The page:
Feeling relaxed is a natural feeling when you are in a state of balance. In order to understand balance, you must first allow yourself to experience a state of true relaxation, so that you have a reference point for what it feels like to be in balance. Why is this important? For some people, anxiety feels natural.

How might you gain greater balance? An important tool to practice using is “mindfulness.” Mindfulness is actually a natural activity that we can all use to help us discover and sustain balance. To be mindful means to bring your attention fully into whatever you are doing or experiencing at the moment. For example, if you are washing a glass, you focus on and experience that activity without letting your mind wander into some other task. You notice the feeling of the warm water and the soap on your hands, the feeling of the sponge as you hold it to wash the glass. If you are eating a bite of an apple, you eat it slowly and taste and feel that bite. Mindfulness can change even routine behaviors, and in turn, can enhance your life.

Most of us make a life of multi-tasking which generally means our mind is rarely focused on where we are, and we’re not fully present to the experience we’re having. If you learn to bring greater mindfulness into even a small fraction of your activities, you can add years of quality experience to your life. Research suggests that there are tremendous health benefits to mindfulness.

From an energetic perspective, love and mindfulness vibrate at a similar frequency, and we know that love is the highest vibration there is. By practicing mindfulness, you can create a stillpoint to return to in moments of chaos or anxiety.

One of my clients did a class project on mindfulness which she called “stopping.” She simply sat very still in a chair and took several deep breaths and relaxed for five minutes each day. She didn’t do anything during that time nor did she try to “think” of anything. This activity, she reported to her class, at first was so hard for her! She was so used to keeping her mind and body busy at all times that she felt like she was wasting time. Yet as she stayed with her project every day for 8 weeks, she came to realize that this stopping was a time when she began to let herself “feel” rather than to keep “running from herself.” By slowing down and becoming more focused, she became more purposeful about where she was putting her energy and what she was choosing to do and how.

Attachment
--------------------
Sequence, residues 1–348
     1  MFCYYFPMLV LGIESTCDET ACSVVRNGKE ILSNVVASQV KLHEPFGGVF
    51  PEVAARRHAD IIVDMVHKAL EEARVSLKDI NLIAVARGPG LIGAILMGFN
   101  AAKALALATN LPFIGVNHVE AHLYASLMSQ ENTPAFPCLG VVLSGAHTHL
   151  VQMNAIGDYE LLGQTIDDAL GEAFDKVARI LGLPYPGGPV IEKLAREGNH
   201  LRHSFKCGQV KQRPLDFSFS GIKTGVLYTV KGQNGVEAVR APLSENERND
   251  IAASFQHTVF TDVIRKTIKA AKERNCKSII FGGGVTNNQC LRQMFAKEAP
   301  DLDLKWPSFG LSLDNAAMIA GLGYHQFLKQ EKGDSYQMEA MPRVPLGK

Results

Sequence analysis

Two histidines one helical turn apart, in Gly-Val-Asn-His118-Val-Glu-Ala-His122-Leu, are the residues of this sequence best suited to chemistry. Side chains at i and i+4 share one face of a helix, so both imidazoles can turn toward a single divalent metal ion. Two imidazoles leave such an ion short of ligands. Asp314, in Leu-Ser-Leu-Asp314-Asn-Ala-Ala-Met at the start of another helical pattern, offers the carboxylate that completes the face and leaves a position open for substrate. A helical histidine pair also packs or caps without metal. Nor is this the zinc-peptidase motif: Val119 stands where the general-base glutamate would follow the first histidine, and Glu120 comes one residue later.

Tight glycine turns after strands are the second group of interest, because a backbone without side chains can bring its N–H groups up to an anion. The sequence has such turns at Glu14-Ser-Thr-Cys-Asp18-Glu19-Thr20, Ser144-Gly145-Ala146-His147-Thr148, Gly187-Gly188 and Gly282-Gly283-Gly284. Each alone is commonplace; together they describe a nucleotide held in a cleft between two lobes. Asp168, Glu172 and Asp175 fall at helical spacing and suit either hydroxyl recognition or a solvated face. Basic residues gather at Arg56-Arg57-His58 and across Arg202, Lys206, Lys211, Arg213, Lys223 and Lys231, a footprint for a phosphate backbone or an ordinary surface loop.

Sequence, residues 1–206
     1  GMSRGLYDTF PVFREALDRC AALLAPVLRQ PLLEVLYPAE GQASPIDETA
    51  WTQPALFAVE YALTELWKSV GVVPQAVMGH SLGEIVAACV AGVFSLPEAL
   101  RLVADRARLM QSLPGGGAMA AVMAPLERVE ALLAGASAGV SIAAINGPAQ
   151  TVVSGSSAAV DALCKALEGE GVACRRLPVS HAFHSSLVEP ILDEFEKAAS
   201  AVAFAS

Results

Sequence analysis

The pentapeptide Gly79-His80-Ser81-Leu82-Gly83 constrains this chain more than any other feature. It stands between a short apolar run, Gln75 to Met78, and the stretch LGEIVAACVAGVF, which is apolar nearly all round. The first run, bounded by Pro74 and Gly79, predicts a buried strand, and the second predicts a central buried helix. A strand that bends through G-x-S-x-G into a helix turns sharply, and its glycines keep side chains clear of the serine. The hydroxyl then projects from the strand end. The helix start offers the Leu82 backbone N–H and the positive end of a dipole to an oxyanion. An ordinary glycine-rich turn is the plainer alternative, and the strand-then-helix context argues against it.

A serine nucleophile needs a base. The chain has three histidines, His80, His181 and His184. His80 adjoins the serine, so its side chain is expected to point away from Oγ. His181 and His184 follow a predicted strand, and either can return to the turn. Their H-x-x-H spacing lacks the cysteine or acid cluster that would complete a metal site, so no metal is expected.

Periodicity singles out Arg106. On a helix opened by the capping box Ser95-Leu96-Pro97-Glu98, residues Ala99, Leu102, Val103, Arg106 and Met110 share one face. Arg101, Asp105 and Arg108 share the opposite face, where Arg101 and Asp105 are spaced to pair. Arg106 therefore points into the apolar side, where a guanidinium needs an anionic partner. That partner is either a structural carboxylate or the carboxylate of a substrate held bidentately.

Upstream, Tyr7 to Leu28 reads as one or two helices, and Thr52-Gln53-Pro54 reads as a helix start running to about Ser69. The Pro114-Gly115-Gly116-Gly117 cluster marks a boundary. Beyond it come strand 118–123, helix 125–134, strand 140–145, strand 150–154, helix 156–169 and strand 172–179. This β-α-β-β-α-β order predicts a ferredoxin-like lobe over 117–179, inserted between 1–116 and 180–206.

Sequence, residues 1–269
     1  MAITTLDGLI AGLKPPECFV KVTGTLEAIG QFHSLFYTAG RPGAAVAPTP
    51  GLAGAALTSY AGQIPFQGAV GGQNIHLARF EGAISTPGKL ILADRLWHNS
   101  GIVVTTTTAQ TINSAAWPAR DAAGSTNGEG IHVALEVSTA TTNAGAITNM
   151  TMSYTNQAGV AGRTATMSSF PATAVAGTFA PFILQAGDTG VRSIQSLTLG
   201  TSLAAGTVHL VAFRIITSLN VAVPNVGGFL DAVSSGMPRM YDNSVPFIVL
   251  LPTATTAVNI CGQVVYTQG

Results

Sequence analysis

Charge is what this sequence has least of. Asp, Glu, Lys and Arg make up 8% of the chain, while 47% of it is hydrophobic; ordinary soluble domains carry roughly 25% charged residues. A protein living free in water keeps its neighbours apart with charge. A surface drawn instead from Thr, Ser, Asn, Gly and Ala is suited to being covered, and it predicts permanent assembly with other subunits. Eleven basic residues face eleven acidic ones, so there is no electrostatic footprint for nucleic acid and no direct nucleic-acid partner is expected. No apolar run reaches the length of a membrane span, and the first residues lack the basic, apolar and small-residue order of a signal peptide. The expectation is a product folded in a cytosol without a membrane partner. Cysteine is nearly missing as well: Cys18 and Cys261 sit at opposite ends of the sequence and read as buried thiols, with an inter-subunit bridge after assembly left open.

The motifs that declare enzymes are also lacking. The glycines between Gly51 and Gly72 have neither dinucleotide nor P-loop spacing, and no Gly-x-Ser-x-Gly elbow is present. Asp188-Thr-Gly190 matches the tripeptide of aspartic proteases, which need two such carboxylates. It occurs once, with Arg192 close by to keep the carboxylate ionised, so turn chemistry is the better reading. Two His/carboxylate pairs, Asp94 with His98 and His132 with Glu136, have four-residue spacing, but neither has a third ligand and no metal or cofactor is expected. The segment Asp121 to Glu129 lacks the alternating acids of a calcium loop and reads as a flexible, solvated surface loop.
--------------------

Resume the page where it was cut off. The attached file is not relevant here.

If you’d like to practice mindfulness, a wonderful exercise is to use awareness of your breathing as a balancing force. Sit calmly in a relaxed position and focus on your breathing for a few moments. Breathe in slowly and notice your breath as you breathe in, feel the expansion of your chest, and then release slowly–feeling a state of surrender on your exhale. Breathe in and out for several moments with full awareness.

In the words of the Vietnamese monk Thich Nhat Hanh– “The secret of your transformation lies in your handling of this very moment.”

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